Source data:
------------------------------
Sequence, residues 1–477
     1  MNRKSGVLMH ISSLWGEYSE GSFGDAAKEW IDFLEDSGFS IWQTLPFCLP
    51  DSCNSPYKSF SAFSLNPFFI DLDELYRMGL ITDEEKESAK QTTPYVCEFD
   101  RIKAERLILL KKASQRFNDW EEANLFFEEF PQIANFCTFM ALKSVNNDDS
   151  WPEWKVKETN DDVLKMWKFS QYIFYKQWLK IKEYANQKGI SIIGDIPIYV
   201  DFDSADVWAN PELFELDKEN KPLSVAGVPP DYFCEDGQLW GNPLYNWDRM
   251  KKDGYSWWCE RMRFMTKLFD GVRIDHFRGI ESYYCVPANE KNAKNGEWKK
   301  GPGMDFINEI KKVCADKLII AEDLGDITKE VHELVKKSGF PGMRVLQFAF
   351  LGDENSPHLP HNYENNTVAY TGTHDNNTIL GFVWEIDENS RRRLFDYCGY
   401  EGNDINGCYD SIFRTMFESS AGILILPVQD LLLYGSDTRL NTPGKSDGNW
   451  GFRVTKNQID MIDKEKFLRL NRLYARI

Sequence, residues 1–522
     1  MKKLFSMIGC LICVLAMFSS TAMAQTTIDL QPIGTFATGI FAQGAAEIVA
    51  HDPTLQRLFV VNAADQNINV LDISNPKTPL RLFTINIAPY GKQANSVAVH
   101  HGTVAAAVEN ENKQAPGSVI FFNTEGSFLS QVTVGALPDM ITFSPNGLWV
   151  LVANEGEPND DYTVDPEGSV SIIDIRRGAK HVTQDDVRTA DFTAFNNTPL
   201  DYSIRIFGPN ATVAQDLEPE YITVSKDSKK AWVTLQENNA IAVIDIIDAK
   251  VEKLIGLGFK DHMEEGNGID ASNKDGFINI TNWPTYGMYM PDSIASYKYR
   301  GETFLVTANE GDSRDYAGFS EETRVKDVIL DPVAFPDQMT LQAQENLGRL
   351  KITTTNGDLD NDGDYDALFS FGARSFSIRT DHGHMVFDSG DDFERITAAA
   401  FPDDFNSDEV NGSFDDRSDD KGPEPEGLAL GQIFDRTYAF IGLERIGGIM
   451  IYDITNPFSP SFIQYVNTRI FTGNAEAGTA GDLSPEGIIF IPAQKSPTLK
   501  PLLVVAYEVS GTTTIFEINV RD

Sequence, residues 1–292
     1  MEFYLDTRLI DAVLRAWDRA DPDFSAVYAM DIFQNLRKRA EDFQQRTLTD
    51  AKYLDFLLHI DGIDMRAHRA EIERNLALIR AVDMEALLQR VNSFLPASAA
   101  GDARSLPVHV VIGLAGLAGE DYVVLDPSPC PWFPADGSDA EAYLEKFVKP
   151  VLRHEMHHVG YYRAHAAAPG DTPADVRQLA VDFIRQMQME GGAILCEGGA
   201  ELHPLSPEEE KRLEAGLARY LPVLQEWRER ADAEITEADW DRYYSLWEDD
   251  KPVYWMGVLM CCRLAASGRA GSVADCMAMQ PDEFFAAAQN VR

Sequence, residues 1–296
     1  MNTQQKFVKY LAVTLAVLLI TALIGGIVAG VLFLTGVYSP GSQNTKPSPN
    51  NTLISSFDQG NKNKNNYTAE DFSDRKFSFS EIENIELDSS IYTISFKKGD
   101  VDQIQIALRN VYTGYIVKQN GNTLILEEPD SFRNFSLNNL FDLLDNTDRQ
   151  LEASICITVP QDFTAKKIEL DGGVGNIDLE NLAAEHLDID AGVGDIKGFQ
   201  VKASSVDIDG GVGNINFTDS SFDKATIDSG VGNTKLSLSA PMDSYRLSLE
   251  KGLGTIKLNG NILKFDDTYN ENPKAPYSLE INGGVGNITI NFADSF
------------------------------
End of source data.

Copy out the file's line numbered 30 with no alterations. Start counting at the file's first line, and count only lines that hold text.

   251  KPVYWMGVLM CCRLAASGRA GSVADCMAMQ PDEFFAAAQN VR